And maybe that’s the point the show is trying to make: the idea of cancel culture is kind of BS. (Even in the real-life Hollywood, mere months after #MeToo, Louis C.K. was back on tour, and Matt Lauer was rumored to come back to television, to name a few examples).

Bojack Horseman’ asks the question: what do we do with friends that make bad decisions?

Most of Bojack’s friends accept him back, too. Mr. Peanut Butter can never be mad at him (or anyone, apparently). Princess Carolyn rejects the idea that Bojack “wasted” her best years. Even Diane and Bojack Horseman have a heart-to-heart, and more or less come to terms in the final episode.

As Princess Carolyn explains, people have short memories. The public will move on quickly from your misdeeds, and maybe even your friends: but it might not be true for everyone you love. It appears that Hollyhock has canceled Bojack Horseman from her life.

Given that in the past, Hollyhock has trusted and looked up to Bojack Horseman, it’s easy to imagine how devastated she would be about her older half-brother’s dark secret.

Where was Bojack Horseman’s sister in the finale episode of season 6?
We supposed that we can assume Hollyhock’s letter was a sort of good-bye to Bojack. Although we never hear or see a word of it, we do watch Bojack Horseman’s reaction. He walks into a college frat house, sits on the couch in a stupor, and then, after months of sobriety: he opens a beer.

Considering Bojack had been successfully clean for a long time, the news in the letter would have had to be heart-wrenching enough for him to feel like he needed to start drinking again.

Still, it’s somewhat of a missed opportunity not to see Hollyhock’s perspective on Bojack’s allegations (as well as his public apology). In the final season, we got to see the world from the point of view of Princess Carolyn, Diane, and other characters. But we only saw Hollyhock through the eyes of Bojack.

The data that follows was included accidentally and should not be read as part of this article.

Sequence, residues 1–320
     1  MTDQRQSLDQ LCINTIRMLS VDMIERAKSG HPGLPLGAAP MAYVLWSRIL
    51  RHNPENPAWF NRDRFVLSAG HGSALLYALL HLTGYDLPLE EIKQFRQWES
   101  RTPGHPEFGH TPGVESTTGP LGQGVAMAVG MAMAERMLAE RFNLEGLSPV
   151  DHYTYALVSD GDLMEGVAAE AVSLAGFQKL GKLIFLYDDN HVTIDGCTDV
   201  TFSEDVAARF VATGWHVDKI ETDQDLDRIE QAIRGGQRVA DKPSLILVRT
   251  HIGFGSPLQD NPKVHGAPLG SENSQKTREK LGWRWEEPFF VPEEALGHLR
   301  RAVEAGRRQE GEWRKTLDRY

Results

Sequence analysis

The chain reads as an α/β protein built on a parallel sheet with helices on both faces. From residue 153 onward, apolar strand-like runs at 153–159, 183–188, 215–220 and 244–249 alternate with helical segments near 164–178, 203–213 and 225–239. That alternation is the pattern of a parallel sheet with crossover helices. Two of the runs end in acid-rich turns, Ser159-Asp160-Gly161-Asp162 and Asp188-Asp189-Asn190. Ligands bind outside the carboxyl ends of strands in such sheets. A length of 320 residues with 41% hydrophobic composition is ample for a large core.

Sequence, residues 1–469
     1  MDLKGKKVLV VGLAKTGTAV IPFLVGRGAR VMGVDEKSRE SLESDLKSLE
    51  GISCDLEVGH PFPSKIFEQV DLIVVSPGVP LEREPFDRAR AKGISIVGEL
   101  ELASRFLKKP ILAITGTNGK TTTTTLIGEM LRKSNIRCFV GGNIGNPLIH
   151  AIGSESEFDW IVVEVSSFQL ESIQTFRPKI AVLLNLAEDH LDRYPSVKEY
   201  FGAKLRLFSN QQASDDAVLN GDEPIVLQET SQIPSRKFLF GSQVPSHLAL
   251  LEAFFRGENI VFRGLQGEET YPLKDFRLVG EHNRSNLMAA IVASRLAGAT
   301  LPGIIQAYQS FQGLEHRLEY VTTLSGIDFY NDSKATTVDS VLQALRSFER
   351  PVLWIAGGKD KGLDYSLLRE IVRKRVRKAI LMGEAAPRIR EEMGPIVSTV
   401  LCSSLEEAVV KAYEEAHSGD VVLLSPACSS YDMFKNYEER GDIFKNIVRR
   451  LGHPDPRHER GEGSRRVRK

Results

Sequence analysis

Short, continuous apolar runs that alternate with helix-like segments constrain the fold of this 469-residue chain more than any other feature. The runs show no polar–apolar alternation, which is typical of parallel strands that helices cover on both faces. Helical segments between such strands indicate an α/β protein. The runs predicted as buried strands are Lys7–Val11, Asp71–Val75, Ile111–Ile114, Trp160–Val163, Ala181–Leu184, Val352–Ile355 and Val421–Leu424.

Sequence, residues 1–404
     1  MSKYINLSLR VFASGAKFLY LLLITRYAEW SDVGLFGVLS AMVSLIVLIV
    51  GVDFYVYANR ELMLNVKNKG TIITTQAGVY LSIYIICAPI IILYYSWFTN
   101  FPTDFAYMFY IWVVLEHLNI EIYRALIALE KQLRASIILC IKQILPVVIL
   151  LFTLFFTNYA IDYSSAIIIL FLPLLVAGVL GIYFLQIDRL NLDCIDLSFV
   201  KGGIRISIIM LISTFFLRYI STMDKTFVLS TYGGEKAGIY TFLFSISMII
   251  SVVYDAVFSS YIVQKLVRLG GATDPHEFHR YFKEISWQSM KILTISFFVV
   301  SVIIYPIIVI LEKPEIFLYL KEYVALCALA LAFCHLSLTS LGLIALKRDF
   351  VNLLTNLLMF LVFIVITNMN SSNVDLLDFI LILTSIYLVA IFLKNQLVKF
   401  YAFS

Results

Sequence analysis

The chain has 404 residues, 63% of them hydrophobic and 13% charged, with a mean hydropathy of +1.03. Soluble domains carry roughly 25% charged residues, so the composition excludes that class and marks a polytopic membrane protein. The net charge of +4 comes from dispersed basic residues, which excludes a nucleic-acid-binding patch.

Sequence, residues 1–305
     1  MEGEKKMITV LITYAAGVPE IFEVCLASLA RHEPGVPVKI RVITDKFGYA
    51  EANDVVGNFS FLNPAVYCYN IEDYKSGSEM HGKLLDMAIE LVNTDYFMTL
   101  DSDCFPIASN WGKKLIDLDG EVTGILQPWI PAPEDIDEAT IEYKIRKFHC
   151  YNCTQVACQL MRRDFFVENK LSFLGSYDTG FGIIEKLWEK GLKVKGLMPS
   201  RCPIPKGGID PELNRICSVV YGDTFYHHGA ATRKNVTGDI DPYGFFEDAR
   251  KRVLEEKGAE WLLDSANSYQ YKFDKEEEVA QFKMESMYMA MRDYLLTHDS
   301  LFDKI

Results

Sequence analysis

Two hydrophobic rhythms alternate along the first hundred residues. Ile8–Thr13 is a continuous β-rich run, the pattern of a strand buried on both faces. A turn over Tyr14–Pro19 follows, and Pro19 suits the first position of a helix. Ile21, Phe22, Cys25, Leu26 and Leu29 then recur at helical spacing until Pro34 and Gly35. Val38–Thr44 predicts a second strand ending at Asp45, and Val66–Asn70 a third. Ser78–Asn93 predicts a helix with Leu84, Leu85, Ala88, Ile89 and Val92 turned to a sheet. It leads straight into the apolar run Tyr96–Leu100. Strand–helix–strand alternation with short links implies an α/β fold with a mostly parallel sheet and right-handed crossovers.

Maybe, at the time that the series ended, Hollyhock just needed some space. Perhaps in the world of Bojack Horseman, the two half-siblings will eventually come to terms with each other and re-establish a relationship.

The character of Bojack Horseman and how the concept of the anti-hero played out among the six seasons

This is not to say that just because Bojack Horseman is the show’s protagonist, we have to feel bad for him. He is in no way obligated to Hollyhock’s friendship.

But what’s so incredible about this show is the way it presents a sort of Hollywood, horse version of an anti-hero. Bojack messes up a lot. While he’s sympathetic for many reasons (his painful childhood, his addiction, the disease that is fame), there are many points in the series where he is simply wrong. Bojack Horseman is mean, abusive, and behaves terribly. The nature of television, and storytelling as a whole, is that we identify, and therefore empathize with the main character. But Bojack Horseman shouldn’t be the only target of our empathy.

It’s totally reasonable if Hollyhock never wants to speak to Bojack again. It would also be understandable if she takes some time, and reaches out when she’s ready. Whatever Hollyhock’s decision, we wish Bojack Horseman would have let us see it. Such a loveable and opinionated character deserves to have a voice in the series finale.